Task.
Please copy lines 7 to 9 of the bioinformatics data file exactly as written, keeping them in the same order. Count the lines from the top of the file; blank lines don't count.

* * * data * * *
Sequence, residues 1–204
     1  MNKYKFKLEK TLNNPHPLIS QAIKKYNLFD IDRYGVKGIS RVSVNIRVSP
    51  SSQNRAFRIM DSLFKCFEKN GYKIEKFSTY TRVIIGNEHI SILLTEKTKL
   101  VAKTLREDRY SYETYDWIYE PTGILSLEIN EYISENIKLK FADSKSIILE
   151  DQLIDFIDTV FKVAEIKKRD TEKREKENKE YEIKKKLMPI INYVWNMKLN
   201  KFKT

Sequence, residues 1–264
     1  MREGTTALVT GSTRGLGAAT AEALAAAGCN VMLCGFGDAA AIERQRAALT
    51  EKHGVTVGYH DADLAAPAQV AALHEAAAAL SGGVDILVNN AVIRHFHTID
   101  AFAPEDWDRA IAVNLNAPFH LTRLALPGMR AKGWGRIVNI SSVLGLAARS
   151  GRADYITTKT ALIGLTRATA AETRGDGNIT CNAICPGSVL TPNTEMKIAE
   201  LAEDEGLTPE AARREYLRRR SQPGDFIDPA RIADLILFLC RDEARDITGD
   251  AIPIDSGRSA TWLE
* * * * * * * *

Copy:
Sequence, residues 1–264
     1  MREGTTALVT GSTRGLGAAT AEALAAAGCN VMLCGFGDAA AIERQRAALT
    51  EKHGVTVGYH DADLAAPAQV AALHEAAAAL SGGVDILVNN AVIRHFHTID